its previous course,
ne; TJlTwo Thousand
would be tantamount to recog
if Huerta actually appointed his own
successor. There is a possibility a !
compromise will be agreed upon.
Pedro Lascurain. whp was minister j
of foreign affairs when President Ma
dero was assassinated, could be re-
appointed to the cabinet, and succeed j
to the provisional presidency, and
then appoint as foreign minister the '
. ...;.v. .v,,
cmutiobr n ;;v 1:
Ir Z ,h, in, transition mfEht be !
nm, ,ifnam effected be
constitutionally effected. . I
Predictions tnat an agreement wouia i
soon be reached, were abandoned in
ouarters hitherto optimistic for a
,.l, Mnlilnn '
1 lie counter proposals ... u.w.... ,
can government to the Mexican plan j
have not yet been taken up with the
Mexican delegates although they re-
ceived them from the mediators earlier
in tne aaj. . t
Will Likely Participate
WASHINCTON June 9 Every in-
.o.7r, t" H-,!jh,t, toht nninted '
to participation by the constitutional-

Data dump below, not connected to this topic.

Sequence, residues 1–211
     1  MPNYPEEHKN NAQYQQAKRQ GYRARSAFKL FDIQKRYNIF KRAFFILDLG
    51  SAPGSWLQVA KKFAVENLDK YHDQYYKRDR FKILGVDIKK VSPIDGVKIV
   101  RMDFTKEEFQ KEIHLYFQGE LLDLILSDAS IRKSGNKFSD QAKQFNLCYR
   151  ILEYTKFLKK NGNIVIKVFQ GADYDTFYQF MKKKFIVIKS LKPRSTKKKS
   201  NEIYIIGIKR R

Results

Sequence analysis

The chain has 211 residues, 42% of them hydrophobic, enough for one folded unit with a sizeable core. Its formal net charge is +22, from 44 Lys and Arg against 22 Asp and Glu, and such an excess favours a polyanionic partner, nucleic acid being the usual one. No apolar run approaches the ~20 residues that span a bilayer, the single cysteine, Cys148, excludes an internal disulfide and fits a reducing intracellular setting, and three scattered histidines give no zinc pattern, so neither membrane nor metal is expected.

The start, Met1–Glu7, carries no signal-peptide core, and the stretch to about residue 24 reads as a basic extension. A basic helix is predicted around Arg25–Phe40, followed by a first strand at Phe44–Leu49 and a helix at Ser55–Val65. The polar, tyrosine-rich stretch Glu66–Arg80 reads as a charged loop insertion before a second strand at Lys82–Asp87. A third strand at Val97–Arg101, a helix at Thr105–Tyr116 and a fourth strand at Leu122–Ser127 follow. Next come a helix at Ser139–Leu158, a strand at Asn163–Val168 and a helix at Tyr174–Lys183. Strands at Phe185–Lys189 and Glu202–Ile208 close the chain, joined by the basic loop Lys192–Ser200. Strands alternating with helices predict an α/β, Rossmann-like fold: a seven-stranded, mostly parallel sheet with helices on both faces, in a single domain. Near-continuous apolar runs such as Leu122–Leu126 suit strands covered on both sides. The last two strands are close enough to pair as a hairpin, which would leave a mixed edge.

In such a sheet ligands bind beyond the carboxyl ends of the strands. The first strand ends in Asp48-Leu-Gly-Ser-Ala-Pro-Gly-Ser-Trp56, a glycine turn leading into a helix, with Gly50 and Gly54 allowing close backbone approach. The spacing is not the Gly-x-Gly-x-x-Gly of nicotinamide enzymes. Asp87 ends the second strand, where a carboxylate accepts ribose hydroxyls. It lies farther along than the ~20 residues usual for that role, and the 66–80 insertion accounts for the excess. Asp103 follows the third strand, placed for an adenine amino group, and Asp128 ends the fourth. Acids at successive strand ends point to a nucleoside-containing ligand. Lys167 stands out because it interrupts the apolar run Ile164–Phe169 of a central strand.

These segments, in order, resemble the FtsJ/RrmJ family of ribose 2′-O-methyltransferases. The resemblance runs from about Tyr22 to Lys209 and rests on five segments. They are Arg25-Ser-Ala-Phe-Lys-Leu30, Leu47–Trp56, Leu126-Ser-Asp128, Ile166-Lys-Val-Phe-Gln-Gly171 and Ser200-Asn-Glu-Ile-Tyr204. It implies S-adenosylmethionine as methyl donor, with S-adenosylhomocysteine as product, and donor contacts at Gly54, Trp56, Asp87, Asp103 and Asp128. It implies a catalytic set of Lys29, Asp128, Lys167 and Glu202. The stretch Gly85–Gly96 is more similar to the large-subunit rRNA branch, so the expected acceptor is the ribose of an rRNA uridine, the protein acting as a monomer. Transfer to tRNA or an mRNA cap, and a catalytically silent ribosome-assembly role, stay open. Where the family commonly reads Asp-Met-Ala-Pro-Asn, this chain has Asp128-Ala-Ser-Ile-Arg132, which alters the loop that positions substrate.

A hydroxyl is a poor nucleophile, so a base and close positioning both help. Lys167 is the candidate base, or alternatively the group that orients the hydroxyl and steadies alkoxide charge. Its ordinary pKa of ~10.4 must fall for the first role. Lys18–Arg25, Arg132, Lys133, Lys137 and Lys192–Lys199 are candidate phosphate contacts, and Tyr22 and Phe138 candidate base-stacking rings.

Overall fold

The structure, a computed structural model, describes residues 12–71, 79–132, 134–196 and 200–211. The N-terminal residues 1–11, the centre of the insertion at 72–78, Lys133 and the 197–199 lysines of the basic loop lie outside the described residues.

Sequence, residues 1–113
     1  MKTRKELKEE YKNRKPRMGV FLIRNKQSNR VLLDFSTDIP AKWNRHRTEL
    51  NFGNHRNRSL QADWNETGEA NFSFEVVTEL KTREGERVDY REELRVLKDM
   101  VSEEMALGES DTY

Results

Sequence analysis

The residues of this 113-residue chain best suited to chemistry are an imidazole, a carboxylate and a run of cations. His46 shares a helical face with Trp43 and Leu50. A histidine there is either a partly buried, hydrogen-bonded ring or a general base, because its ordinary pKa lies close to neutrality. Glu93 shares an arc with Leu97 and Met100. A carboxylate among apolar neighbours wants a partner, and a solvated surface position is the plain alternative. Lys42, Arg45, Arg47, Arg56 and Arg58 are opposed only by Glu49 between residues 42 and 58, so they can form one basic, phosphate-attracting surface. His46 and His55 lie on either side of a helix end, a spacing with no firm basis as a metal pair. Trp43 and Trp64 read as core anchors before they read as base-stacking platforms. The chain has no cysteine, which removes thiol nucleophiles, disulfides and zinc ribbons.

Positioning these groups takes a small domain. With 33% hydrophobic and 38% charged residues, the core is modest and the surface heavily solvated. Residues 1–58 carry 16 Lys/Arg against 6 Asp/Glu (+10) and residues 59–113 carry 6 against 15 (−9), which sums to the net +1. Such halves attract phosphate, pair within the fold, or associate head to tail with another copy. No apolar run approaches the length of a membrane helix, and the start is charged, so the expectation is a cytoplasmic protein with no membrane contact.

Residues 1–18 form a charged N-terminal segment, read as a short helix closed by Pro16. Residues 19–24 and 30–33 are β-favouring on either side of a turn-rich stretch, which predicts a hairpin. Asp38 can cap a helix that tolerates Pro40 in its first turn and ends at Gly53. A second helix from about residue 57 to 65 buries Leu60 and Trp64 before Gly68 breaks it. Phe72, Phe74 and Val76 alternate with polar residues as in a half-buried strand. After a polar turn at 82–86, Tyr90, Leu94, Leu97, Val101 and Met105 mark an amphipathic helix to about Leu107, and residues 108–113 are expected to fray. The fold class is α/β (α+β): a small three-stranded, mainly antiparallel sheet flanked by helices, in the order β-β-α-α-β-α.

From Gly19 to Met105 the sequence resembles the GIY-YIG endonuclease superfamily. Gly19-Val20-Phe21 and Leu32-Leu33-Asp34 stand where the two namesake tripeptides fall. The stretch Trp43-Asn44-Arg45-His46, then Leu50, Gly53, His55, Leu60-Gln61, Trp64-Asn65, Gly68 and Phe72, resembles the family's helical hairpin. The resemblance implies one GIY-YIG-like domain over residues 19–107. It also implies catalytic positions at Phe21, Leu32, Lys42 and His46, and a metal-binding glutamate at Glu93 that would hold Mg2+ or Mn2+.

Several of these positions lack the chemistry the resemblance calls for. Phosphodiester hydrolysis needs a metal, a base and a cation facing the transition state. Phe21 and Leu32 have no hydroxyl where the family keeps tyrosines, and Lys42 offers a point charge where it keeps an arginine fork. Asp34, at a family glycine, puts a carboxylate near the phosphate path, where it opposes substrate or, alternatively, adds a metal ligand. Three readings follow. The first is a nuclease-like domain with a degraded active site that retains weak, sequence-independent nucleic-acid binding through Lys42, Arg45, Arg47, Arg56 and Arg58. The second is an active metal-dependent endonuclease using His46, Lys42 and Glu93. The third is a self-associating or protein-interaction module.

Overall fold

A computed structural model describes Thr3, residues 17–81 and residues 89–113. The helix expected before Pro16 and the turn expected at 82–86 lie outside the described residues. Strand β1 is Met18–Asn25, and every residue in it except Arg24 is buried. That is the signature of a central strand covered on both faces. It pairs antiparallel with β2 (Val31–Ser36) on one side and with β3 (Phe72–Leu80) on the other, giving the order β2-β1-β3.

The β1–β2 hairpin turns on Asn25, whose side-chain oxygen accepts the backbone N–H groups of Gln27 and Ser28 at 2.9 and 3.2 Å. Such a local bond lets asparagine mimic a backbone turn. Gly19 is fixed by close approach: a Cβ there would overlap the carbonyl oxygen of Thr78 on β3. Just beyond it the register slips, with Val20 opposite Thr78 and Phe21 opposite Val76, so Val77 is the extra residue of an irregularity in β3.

ists in the mediation Conference at Ni
agara Falls. While final word was
awaited by his agents here from Car
ranza as to the answer that will be
.h, to th-i,. nr..- I
forwarded he mediators to , the,r wo-
posal, the delay was accounted for by
telegraphic disturbances between the
United States border and Saltillo. U
is expected that the definite position
of the constitutionalists will be com
municated to Niagara Falls before
many hours.
- Some of those in touch with the first
Tolls Question
t associated press dispatch
WASHINGTON, June 9. The senate
marched steadily forward toward final
action on the Panama tolls exemption
repeal bill, but the leaders are unwil
ling to predict on which day the vote
can be taken. Senator Tillman of
South Carolina, made an unusual
speech criticizing the president for
bringing the tolls Issue before the
country at this time and endangering
the chances of the democratic party in
congressional elections next fall. Till
man announced he would vote for the
repeal only because he felt his state
party convention had freed him from
Appeals of his mother that he j
j go back to the Arizona penien- j
tiary at Florence and serve out j
his sentence, caused Robert Fow-
j ler to give himself up to the